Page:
businesses and ordinary people. The plan makes most Armenian firms as well as 
farmers eligible for financial assistance or credit subsidies.

In particular, creditworthy firms and individual entrepreneurs will receive 
grants worth $500 million ($1 million) if they pledge to use that money to pay 
their workers’ wages, buy equipment or raw materials or pay taxes. The scheme 
will not apply to Armenian banks, insurance companies and casinos. The 
government will instead subsidize the banks to provide cheap credit to farmers 
across the country.




World Bank To Also Help Armenia Fight Coronavirus


Armenia -- An ambulance leaves the Nork Infectious Disease Hospital, Yerevan, 
March 20, 2020.

The World Bank said on Friday that it will give Armenia $3 million to acquire 
medical equipment and supplies needed for containing the spread of coronavirus 
in the country.

The bank said nearly half of the assistance requested by the Armenian Ministry 
of Health will be spent on buying 50 lung ventilation devices used for 
lifesaving treatment of people infected with coronavirus. The ministry will also 
obtain protective personal equipment for healthcare workers, it said in a 
statement.

“The equipment will be procured directly through United Nations agencies’ supply 
channels in view of the current constraints for these types of medical emergency 
equipment in the global market,” read the statement.

“I would like to recognize the unprecedented dedication of health professionals 
in Armenia to protect the people,” it quoted Sylvie Bossoutrot, the head of the 
World Bank office in Yerevan, as saying.

“I would also like to strongly encourage each citizen of Armenia to strictly 
abide by the requirements of these emergency times and observe social distancing 
and isolation measures aimed at minimizing the impact of the pandemic,” added 
Bossoutrot.

The World Bank, which is Armenia’s number one foreign lender, also expressed 
readiness to provide additional coronavirus-related assistance to Yerevan. It 
would be provided at the expense of other projects which were due to be financed 
in Armenia by the Washington-based development bank.

The announcement came the day after the European Union promised 51 million euros 
($55 million) in assistance designed to help the Armenian government deal with 
not only the coronavirus epidemic but also its severe socioeconomic consequences.

The United States allocated last week more than $1 million in similar aid to 
Armenia. The South Caucasus state has also received medical supplies from Russia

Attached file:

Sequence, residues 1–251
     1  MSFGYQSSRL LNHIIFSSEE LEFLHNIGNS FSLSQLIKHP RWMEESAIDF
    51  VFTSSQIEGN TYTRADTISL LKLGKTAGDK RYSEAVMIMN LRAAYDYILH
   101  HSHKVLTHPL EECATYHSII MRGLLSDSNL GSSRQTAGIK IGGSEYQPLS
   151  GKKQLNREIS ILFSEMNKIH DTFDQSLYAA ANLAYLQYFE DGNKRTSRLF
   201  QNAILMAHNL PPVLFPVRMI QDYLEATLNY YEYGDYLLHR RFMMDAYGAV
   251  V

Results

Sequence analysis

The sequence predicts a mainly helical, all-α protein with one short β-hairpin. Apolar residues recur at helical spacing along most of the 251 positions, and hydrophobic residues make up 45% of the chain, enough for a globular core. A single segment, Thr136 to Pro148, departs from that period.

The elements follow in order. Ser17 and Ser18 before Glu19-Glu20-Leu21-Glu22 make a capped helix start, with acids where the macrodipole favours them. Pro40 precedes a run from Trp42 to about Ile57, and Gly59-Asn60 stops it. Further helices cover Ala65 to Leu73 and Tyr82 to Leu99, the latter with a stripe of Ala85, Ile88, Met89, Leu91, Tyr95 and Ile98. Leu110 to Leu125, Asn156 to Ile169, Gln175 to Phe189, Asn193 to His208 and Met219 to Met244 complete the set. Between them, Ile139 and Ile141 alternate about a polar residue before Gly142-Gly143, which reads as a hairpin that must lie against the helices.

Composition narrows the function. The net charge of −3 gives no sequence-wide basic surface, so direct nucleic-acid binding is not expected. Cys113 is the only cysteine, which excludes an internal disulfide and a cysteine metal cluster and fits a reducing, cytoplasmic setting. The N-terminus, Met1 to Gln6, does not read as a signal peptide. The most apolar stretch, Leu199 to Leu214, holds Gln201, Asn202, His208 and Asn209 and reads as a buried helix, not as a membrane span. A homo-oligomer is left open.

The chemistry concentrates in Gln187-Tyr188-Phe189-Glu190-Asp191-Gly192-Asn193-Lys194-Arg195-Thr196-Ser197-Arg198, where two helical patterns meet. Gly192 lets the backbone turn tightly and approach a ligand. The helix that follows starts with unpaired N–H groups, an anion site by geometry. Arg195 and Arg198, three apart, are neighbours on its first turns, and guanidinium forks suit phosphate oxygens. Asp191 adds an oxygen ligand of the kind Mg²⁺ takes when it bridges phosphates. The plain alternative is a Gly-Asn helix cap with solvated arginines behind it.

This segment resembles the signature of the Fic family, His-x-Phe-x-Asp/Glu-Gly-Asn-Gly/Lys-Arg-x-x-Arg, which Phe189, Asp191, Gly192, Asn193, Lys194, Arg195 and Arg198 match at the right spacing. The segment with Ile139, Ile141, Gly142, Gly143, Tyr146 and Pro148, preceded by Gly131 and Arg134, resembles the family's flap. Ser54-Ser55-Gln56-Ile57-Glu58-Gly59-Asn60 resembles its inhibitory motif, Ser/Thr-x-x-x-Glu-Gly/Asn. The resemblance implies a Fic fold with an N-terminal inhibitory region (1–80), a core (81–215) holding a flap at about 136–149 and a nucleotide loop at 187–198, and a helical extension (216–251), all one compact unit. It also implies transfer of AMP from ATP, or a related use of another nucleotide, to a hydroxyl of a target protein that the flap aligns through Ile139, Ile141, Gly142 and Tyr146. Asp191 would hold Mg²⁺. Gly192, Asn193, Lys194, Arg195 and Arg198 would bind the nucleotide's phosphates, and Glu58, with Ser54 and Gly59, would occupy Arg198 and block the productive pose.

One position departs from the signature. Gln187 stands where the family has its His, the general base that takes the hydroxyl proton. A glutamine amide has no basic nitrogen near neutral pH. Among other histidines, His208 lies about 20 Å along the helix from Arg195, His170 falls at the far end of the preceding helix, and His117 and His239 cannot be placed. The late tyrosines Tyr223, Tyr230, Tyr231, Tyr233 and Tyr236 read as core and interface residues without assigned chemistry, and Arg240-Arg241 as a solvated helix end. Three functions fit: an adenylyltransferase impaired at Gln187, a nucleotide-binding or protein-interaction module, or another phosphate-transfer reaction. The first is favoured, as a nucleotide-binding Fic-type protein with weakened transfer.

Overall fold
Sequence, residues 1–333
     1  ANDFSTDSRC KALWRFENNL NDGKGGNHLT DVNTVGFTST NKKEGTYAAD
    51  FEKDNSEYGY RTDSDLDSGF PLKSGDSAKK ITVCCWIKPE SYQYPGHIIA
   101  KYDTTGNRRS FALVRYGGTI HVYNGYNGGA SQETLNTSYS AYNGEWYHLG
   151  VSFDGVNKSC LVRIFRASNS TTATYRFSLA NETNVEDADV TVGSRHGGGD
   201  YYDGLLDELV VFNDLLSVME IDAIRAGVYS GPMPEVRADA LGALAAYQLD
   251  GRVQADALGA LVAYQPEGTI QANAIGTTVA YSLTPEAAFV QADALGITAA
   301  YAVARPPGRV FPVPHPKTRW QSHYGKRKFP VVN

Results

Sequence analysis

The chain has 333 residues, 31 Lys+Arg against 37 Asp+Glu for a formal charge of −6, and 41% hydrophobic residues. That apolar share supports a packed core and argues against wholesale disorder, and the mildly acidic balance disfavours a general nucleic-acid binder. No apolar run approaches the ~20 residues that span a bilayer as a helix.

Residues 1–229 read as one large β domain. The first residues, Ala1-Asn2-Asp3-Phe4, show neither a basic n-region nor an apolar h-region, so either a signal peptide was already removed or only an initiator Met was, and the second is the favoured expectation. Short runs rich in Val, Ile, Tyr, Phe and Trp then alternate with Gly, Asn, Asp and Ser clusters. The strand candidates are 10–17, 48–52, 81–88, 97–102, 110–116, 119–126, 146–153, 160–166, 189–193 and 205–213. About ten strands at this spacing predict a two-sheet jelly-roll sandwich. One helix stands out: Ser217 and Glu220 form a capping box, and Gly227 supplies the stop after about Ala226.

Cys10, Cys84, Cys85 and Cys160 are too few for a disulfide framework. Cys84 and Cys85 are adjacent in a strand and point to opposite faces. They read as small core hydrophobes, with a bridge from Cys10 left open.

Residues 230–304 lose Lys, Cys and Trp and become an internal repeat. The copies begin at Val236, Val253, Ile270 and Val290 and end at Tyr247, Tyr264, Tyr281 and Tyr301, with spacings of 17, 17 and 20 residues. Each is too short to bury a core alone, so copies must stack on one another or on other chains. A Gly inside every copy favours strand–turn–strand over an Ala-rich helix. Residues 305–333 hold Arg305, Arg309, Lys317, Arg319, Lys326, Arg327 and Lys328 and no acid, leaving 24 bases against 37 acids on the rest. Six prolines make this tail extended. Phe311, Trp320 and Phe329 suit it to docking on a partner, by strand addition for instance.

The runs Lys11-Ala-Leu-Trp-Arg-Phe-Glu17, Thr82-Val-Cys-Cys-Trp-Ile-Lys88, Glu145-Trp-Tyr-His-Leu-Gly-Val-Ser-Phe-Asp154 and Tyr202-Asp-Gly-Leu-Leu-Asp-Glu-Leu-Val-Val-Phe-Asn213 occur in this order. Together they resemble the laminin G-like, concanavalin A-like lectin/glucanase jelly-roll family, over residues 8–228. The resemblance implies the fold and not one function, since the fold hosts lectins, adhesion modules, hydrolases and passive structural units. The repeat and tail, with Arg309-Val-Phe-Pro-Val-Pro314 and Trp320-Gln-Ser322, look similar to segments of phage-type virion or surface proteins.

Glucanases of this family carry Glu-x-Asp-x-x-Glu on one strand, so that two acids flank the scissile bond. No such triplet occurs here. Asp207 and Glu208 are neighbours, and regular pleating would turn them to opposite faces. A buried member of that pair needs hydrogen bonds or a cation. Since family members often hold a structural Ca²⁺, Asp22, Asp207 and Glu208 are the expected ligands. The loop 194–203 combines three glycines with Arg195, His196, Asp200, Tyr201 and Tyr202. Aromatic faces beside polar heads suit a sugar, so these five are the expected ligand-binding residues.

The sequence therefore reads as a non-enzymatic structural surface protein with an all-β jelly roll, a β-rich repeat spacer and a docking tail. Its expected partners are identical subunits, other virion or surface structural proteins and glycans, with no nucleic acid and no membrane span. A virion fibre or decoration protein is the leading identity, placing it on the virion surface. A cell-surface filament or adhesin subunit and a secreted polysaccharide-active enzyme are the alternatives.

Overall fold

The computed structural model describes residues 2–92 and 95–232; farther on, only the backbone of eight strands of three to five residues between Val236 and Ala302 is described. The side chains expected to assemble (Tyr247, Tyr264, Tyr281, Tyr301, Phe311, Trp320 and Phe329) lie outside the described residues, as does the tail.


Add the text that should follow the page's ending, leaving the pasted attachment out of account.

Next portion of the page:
and China.

The Armenian Ministry of Health reported on Friday morning that the total number 
of coronavirus cases in the country rose by over 10 percent to 736 in the past 
24 hours. According to the ministry, three more people died of COVID-19 on 
Thursday, raising to 7 the national death toll from the virus.


Reprinted on ANN/Armenian News with permission from RFE/RL
Copyright (c) 2020 Radio Free Europe / Radio Liberty, Inc.
1201 Connecticut Ave., N.W. Washington DC 20036.

 


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RFE/RL Armenian Report – 04/03/2020

                                        Friday, April 3, 2020

Kocharian Discharged From Hospital

        • Naira Bulghadarian
        • Naira Nalbandian

Armenia -- Former President Robert Kocharian arrives for a court hearing, 
Yerevan, February 18, 2020.

Robert Kocharian, Armenia’s former president standing trial on coup charges, was 
taken back to prison on Friday after spending more than three weeks in hospital.

Kocharian was taken to the Erebuni Medical Center in Yerevan on March 9. His 
spokesman said at the time that he is suffering from blood pressure fluctuations 
and needs a thorough medical examination.

According to one of Kocharian’s lawyers, Hovannes Khudoyan, Erebuni’s doctors 
have improved the ex-president’s condition but believe that he needs to undergo 
further treatment and remain under medical surveillance.

Speaking to RFE/RL’s Armenian service, Khudoyan claimed that his client will 
risk being infected with coronavirus at Yerevan’s Kentron prison where he has 
been kept, on and off, since July 2018. This is another reason why Kocharian, 
who already underwent surgery in another hospital last year, should be released 
from custody, said the lawyer.

Khudoyan noted in that regard five members of the administration of another 
Yerevan prison, Vartashen, tested positive for coronavirus this week.

The Armenian Justice Ministry reported on Thursday that 28 other prison guards 
at Vartashen were placed under quarantine because of that. A ministry 
spokeswoman, Lusine Martirosian, said on Friday that none of them has tested